In the meantime, in the case of applying the collimator array 30 to such a wavelength selecting switch, if the angle of gradient of the micro mirror 61 is made variable for switching of the output port (namely, switching of a channel) as described above, its reflected light may move on a portion other than the lens 2 on the front surface 1 a of the collimator array 30 (the lens array substrate 1). In this case, the lens array substrate 1 is made of quartz, and even if the light reflected by the micro mirror array unit 60 is inputted in the part other than the lens 2 of the front surface 1 a, the partial light is propagated (a stray light) in the lens array substrate 1 to be inputted in the fiber 3, so that across talk between the channels is generated.

Therefore, according to the present embodiment, for example, as shown in FIG. 11 and FIG. 12, light shielding means 9 is provided to cover the part other than the lens 2 of the front surface 1 a of the lens array substrate 1 as the input surface of the reflected light.

This light shielding means 9 may be made by forming a film on the glass substrate to reflect or absorb the light on the part that is light-shielded on the glass substrate. In order to reflect the light, a thin film made of metal is deposited or a reflection film is formed using a dielectric multilayered film. In order to absorb the light, there is a method to apply a resin material or the like. However, since the dielectric reflection film strongly depends on the input angle of the light, and a light absorbing material needs a thickness to some degrees in order to secure the sufficient light attenuation, the metal film is the most practical for the light attenuation, as a counter measure against a stray light.

According to the example shown in FIG. 11, as the light shielding means 9, the quartz glass substrate which has a hole (an opening part) 91 in accordance with a size (a diameter) of the lens 2 on a part corresponding to each lens 2 and to which the metal film is deposited is used, and this substrate is fusion-connected and fixed on the front surface 1 a of the lens array substrate 1. On the contrary, according to the example shown in FIG. 12, a light shielded film is formed as the light shielding means 9 by depositing the metal thin film made of chrome on the front surface 1 a of the lens array substrate 1 by a vacuum depositing method.

Thus, by providing the light shielding means 9 on the front surface 1 a of the lens array substrate 1, it is possible to effectively prevent the cross talk between the channels that may be generated in accordance with switching of the channels.

(5) Arrangements of the Lens 2 and the Fiber 3

According to the above-described embodiment, the lens 2 and the fiber 3 are arranged on the lens array substrate 1 in one row (one-dimensionally). However, the present invention is not limited to this, and for example, as shown in a patterned manner in FIG. 13, they may be arranged in two rows (two-dimensionally) or as shown in a patterned manner in FIG. 14, they may be arranged in a staggered row (alternately). Thus, if they are arranged in the staggered row, it is possible to improve an arrangement density of the lens 2 and the fiber 3. In addition, preliminary heating can be easily carried out with respect to the projecting part 4 (or 6) of the rear surface 1 b of the lens array substrate 1.

As a matter of course, the present invention is not limited to the above-described embodiment and various modifications will become possible without departing from the scope of the present invention.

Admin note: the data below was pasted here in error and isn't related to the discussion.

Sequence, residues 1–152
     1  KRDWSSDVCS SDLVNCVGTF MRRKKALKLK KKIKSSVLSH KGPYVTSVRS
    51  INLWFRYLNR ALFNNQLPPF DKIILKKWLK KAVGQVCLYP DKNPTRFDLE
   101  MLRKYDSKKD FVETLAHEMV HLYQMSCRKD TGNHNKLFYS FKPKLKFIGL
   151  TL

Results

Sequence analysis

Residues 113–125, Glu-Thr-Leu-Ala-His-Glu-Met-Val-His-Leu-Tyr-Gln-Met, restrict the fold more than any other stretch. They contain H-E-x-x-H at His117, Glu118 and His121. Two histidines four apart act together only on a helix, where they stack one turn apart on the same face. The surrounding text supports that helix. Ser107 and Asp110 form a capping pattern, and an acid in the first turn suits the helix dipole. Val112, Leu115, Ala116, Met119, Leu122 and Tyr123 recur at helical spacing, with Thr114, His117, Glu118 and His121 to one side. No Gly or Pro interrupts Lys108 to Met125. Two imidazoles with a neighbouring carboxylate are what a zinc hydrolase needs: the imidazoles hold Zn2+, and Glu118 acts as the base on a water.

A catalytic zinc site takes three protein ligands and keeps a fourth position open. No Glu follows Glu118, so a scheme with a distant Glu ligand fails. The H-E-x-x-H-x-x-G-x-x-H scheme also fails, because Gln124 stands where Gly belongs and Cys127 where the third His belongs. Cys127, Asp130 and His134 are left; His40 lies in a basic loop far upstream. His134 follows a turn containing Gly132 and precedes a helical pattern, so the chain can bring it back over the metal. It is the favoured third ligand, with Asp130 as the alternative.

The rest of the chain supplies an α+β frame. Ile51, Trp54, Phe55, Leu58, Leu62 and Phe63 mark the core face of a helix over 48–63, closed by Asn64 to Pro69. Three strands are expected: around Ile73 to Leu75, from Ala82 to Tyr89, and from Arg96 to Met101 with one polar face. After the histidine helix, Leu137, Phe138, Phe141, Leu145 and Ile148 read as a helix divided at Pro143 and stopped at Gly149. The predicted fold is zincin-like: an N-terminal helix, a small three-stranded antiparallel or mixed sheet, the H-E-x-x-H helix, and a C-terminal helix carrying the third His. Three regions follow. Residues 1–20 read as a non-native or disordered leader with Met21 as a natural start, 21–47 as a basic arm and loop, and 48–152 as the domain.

As described above in detail, according to the present invention, it is possible to compose the compact collimator array with excellent strength which has very few variations in the output beam angle and in the beam diameter, very few variations of temperature, and small reflection return light, so that it is conceivable that the present invention is very advantageous in a filed of an optical communication.

Patent Citations
Cited PatentFiling datePublication dateApplicantTitle
US6587618Apr 30, 2001Jul 1, 2003Corning IncorporatedCollimator array and method and system for aligning optical fibers to a lens array
US6643068Jul 1, 2002Nov 4, 2003Michael J. MandellaCollimators and collimator arrays employing ellipsoidal solid immersion lenses
US20030219213 *May 21, 2003Nov 27, 2003Laurent BlarasinOptical fiber alignment technique
US20040213526 *Apr 27, 2004Oct 28, 2004Fujikura Ltd.Fusion splicing method and fusion splicer for different-diameter optical fibers
Non-Patent Citations
Reference
1Akio. Tanabe, et al., "Development of Direct Core Monitoring Fusion Splicer S175", Furukawa Denko Technical Review, vol. 104, Jul. 1999.
Referenced by
Citing PatentFiling datePublication dateApplicantTitle
US8045831 *Jan 26, 2010Oct 25, 2011Schleifring Und Apparatebau GmbhTwo dimensional fiber collimator array with high return loss
US8503840 *Aug 23, 2010Aug 6, 2013Lockheed Martin CorporationOptical-fiber array method and apparatus
US20120045169 *Aug 23, 2010Feb 23, 2012Lockheed Martin CorporationOptical-fiber array method and apparatus
Classifications
U.S. Classification385/33
International ClassificationG02B6/32
Cooperative ClassificationG02B6/32, G02B6/29313, G02B6/3554, G02B6/356, G02B6/2931, G02B6/3544, G02B6/3512
European ClassificationG02B6/293D2V, G02B6/293D2R
Legal Events
DateCodeEventDescription
Jan 25, 2005ASAssignment
Owner name: FUJITSU LIMITED, JAPAN
Free format text: ASSIGNMENT OF ASSIGNORS INTEREST;ASSIGNORS:AKASHI, TAMOTSU;YAMAMOTO, TSUYOSHI;YAMASHITA, SHINJI;ANDOTHERS;REEL/FRAME:016213/0630;SIGNING DATES FROM 20050106 TO 20050107
Sep 22, 2011FPAYFee payment
Year of fee payment: 4